SOARING temperatures across the UK are causing some older roads to melt, leading to the need for emergency repairs to be carried out.
Gloucestershire County Council has been carrying out emergency works in Tewkesbury as parts of the A38 began melting. Workers spread a fine layer of grit to help soak up the melted material and create a more solid surface after the road softened in the baking sun.
This temporary measure will allow traffic to continue using the road but the council has said that it will have to carry out a more detailed examination of the road after the summer weather has passed.
It will need to be fully resurfaced, according to councillor Vernon Smith. “I have instructed officers to work with our contractors to resolve the failed surfacing with a quality repair which will last,” he said.
“This will be at no additional cost to the taxpayer and will deliver a smooth and high quality surface for all road users.”
Full extent of road damage won’t be known for months
Elsewhere in the country, several roads in Somerset have also required emergency works. Taking to Twitter, Somerset Council stated: “The blistering heat has caused some roads to melt (yes, melt). We are doing all we can to protect the roads. We will continue to monitor the situation over the next few days.”
With temperatures in the area reaching up to 30C, the dark road surface can exceed 50C as it absorbs the sunlight. This temperature can build throughout the day and is at its highest between noon and 5pm.
The council explained: “The road network has 5% of ‘polymer modified binders in hot rolled asphalt’ roads. These can absorb up to 80C but they are more expensive. It is particularly problematic in countries that experience the two extremes of weather.”
It went on to describe asphalt as being “like chocolate — it melts and softens when it’s hot and goes hard and brittle when it’s cold. As a result, it doesn’t maintain the same strength all year round.”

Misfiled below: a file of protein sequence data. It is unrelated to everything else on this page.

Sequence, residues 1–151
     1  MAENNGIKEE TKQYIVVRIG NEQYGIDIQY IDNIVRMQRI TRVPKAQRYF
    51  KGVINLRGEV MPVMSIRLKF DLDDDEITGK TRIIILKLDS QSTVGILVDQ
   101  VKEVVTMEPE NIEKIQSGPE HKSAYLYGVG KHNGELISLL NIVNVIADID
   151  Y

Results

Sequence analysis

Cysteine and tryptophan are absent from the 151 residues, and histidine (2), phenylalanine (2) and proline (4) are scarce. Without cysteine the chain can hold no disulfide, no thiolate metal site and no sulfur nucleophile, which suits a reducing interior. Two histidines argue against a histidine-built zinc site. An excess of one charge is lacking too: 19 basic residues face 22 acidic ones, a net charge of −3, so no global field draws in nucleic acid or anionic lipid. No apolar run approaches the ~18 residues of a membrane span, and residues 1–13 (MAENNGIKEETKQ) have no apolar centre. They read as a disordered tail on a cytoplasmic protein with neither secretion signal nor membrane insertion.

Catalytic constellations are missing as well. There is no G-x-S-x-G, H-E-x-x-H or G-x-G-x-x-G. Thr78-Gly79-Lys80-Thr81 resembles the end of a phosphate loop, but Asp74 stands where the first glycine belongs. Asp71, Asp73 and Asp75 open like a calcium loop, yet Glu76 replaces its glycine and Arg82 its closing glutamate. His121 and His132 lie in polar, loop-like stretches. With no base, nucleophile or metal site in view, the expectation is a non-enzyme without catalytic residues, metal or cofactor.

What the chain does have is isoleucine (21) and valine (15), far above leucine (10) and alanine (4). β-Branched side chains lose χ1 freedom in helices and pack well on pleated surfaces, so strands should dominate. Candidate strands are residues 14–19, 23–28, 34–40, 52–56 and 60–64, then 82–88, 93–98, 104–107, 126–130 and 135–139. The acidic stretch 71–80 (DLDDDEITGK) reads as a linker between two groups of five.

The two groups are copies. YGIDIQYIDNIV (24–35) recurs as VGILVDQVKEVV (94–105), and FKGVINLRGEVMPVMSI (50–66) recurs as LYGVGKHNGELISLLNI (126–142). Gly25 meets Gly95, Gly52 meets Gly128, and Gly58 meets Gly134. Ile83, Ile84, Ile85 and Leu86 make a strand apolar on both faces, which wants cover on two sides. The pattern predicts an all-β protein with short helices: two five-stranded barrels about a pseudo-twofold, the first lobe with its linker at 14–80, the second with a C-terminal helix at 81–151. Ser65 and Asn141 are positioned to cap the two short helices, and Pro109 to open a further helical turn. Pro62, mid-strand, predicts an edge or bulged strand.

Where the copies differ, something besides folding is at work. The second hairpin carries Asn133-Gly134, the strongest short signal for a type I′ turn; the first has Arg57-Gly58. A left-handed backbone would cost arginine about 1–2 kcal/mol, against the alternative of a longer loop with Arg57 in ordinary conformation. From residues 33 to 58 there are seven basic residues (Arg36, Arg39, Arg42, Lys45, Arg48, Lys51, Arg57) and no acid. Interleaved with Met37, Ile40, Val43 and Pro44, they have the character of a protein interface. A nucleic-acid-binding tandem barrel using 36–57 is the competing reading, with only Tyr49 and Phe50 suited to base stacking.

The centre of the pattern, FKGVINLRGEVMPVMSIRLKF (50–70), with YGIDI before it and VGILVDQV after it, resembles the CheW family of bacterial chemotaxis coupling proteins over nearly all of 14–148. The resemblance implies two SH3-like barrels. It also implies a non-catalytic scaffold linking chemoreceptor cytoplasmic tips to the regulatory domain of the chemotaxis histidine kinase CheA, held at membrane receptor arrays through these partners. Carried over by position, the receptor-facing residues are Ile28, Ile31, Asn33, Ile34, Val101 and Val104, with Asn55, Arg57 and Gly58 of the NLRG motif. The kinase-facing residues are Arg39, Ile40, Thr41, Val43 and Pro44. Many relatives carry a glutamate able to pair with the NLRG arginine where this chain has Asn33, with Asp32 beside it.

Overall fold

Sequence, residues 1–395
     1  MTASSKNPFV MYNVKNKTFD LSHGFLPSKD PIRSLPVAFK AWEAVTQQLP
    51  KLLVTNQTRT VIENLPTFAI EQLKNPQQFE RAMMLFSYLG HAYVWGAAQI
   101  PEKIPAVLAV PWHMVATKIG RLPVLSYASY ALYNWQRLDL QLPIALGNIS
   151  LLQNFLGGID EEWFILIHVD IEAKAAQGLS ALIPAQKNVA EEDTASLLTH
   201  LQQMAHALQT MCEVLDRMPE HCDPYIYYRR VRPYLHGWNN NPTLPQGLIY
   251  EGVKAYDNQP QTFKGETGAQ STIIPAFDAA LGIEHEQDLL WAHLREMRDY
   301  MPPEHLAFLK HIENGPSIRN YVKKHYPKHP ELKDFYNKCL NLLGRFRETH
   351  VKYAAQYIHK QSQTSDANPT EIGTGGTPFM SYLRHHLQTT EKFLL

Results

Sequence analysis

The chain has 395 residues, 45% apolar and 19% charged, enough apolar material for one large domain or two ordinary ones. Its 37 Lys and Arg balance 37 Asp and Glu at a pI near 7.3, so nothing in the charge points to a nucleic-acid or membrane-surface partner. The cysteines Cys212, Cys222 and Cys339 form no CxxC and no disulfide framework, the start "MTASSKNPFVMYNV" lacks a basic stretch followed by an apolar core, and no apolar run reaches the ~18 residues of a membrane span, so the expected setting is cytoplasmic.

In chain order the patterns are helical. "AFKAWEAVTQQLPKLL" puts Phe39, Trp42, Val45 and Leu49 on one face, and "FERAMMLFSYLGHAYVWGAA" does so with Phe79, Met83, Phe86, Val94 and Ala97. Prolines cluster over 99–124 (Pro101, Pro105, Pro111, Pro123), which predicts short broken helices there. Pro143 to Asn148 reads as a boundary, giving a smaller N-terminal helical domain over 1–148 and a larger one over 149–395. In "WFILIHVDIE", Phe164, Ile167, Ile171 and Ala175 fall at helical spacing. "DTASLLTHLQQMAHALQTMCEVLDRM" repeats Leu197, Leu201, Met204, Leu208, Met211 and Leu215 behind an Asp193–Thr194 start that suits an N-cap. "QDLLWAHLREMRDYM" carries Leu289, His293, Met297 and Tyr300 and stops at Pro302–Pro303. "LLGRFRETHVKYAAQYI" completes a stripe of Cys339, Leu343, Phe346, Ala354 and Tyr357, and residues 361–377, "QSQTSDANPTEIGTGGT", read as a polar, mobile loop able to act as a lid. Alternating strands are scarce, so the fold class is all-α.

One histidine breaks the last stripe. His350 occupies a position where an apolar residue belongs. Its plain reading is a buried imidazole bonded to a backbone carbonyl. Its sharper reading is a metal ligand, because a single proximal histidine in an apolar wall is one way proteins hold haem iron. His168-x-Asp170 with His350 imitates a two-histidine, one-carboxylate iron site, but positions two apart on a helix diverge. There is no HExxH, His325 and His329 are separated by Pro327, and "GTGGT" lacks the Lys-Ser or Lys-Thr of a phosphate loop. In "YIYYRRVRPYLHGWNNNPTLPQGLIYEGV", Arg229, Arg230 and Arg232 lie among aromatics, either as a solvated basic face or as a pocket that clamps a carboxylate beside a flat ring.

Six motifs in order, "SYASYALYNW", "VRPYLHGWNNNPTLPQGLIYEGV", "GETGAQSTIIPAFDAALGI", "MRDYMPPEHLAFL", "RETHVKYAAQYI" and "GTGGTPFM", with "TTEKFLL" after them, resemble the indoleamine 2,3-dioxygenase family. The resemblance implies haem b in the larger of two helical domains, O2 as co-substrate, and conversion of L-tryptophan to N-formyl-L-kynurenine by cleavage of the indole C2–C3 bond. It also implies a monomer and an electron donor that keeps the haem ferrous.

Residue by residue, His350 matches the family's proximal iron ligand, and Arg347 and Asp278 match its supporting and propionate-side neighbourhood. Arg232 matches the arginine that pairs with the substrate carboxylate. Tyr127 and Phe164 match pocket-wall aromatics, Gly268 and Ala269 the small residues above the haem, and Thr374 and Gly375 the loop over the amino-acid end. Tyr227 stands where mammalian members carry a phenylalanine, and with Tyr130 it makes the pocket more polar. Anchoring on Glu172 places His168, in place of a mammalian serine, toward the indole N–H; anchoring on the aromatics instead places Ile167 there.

Some parts of the country are seeing temperature soar above 30C this week, which is likely to result in more road surfaces becoming affected and, in turn, could lead to more damage occurring later on in the year.
Modern road surfaces less likely to melt
Paul Boss, chief executive of the Road Surface Treatment Association (RSTA), said: ”Many roads made from asphalt do not melt in extreme heat because they are protected by a material called bitumen, which does not melt until it reaches a very high temperature.
“Some older roads can suffer from vehicle wheel track damage as a result of heavy goods vehicles, but now modern asphalts are produced and laid in such a way that this does not happen on roads resurfaced over the last 25 years to 30 years, so drivers do not need to be concerned.
“Further treatments applied to the road surface regularly throughout its life help stop cracks and water getting into the road, preventing potholes forming.”
It’s not only road surfaces that are being affected by the hot weather. It has been reported that several train operators have had to reduce the speed at which trains on certain lines can travel to mitigate the risk of buckling rails.
A spokesperson from Network Rail said: “Rails expand as they get hotter. Speed restrictions mean lower forces on the tracks, reducing the chance of buckling.”
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